Plessy v. Ferguson

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Plessy v. Ferguson,

case decided by the U.S. Supreme Court in 1896. The court upheld an 1890 Louisiana statute mandating racially segregated but equal railroad carriages, ruling that the equal protection clause of the 14th amendment to the U.S. Constitution dealt with political and not social equality. The case arose from resentment among black and Creole residents of New Orleans and was supported by the railroad companies, who felt it unnecessary to pay the cost of separate cars. Justice Henry Billings Brown wrote the majority opinion, stating that "separate but equal" laws did not imply the inferiority of one race to another. Justice John Harlan (1833–1911) dissented, arguing that the U.S. Constitution was color-blind. The decision provided constitutional sanction for the adoption throughout the South of a comprehensive series of Jim Crow lawsJim Crow laws,
in U.S. history, statutes enacted by Southern states and municipalities, beginning in the 1880s, that legalized segregation between blacks and whites. The name is believed to be derived from a character in a popular minstrel song.
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, which were maintained until overruled in 1954 by Brown v. Board of Education of Topeka, Kans.Brown v. Board of Education of Topeka, Kans.,
case decided by the U.S. Supreme Court in 1954. Linda Brown was denied admission to her local elementary school in Topeka because she was black.
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 It had particular relevance to education, with Justice Brown drawing parallels between race segregation on trains and in educational facilities.


See study by W. H. Hoffer (2012).

References in classic literature ?
Lying in bed all day and playing at dominoes, like poor Lord Plessy, would be more private and bearable."
While clerking for Jackson during the early arguments in Brown, Rehnquist wrote a legal memo that argued the Court should uphold Plessy v.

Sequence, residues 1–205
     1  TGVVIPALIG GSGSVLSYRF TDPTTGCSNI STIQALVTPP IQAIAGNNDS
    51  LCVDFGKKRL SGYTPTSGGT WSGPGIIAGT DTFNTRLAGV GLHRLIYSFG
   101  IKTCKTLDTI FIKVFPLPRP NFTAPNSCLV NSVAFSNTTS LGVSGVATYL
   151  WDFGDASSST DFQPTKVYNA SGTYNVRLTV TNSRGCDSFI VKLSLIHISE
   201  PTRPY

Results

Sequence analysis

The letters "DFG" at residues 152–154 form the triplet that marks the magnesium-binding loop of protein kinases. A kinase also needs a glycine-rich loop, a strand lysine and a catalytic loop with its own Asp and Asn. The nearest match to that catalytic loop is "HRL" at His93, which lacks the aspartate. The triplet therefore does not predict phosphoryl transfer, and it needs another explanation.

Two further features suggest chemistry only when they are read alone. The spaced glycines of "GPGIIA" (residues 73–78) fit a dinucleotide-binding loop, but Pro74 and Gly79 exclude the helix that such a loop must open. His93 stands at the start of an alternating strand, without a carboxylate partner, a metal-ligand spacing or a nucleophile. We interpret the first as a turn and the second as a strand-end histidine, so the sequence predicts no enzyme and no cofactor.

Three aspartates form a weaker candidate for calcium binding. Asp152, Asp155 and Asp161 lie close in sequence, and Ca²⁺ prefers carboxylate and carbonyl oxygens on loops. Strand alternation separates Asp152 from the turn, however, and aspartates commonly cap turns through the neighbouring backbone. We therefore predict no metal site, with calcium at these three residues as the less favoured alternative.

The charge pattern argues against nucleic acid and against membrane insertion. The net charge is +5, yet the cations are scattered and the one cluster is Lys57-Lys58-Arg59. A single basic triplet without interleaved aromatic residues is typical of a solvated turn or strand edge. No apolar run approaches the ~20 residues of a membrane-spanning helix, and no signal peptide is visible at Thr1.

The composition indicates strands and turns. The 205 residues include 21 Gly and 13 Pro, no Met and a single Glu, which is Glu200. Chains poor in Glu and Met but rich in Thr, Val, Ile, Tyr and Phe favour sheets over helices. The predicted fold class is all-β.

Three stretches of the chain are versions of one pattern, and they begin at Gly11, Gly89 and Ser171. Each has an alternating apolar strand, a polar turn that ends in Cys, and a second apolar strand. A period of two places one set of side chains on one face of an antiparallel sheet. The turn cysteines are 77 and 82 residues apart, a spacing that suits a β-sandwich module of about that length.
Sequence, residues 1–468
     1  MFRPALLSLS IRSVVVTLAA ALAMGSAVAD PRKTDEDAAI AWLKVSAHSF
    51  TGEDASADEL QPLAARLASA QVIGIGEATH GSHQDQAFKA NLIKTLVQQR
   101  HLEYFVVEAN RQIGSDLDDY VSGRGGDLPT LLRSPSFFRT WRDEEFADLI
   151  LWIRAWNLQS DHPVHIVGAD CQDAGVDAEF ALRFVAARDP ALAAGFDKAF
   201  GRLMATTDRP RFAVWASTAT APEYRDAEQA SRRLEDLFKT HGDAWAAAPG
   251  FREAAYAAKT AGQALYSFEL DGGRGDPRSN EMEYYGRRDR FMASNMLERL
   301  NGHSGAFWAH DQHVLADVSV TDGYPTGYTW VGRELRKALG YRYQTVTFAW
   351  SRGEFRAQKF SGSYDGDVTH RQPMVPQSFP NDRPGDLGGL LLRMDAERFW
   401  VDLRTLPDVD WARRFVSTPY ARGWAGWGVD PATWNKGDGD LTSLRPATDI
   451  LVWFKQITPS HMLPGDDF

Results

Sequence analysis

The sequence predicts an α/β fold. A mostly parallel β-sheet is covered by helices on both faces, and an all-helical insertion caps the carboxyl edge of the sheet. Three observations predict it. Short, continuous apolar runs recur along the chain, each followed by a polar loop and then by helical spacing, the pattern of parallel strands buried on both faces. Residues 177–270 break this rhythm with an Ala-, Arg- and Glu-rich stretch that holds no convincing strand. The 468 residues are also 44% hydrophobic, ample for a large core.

"When the three-judge panel convened, there hadn't been a federal judge in America that had specifically addressed that Plessy v.
The annual Day of Service will take place at the Homer A Plessy Community School.
Douglass called these "saving principles," and he devoted himself to convincing white Americans "to trust [these principles'] operation." In this, he foreshadowed Justice John Marshall Harlan's lone dissent against the Supreme Court's infamous Plessy v.
His analyses of cases such as Marbury v Madison and Plessy v Ferguson serve to underscore that power and, at times, he seems alarmed by it.
In Brown, the court overturned, for public schools, its approval of this doctrine in Plessy v.
Parishioner Homer Plessy, who was one-eighth black and thus considered black under state law, made the consequential decision to board a train at a depot about 15 blocks from the church.
This article serves to examine the role of the courthouse during the Jim Crow Era and the early stages of the Civil Rights Movement, as courthouses fulfilled their dual function of minstreling Plessy's callfor "equality under the law" and orchestrating overt segregation.
For example, it matters that Homer Plessy's racial makeup was mixed and that he often passed for a white man.
Seven chapters are divided into three parts: the beloved communities; the scientific state; Mexico and the attack on Plessy. There are notes and illustrations.